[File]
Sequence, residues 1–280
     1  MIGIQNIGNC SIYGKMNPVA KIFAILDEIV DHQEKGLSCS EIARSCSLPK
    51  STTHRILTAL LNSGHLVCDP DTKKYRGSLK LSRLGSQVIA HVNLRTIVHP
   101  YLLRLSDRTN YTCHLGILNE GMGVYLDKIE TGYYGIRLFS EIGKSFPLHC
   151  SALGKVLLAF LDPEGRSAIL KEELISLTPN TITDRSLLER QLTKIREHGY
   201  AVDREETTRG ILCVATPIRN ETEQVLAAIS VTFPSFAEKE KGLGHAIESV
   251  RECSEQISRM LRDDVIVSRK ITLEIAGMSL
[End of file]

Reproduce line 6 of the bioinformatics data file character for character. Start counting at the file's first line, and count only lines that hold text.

   201  AVDREETTRG ILCVATPIRN ETEQVLAAIS VTFPSFAEKE KGLGHAIESV